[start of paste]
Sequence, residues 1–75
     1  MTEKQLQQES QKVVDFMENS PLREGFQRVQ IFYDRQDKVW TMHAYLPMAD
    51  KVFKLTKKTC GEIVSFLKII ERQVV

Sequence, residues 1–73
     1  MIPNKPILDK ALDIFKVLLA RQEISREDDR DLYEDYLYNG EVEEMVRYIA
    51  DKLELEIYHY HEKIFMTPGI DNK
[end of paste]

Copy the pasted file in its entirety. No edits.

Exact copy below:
Sequence, residues 1–75
     1  MTEKQLQQES QKVVDFMENS PLREGFQRVQ IFYDRQDKVW TMHAYLPMAD
    51  KVFKLTKKTC GEIVSFLKII ERQVV

Sequence, residues 1–73
     1  MIPNKPILDK ALDIFKVLLA RQEISREDDR DLYEDYLYNG EVEEMVRYIA
    51  DKLELEIYHY HEKIFMTPGI DNK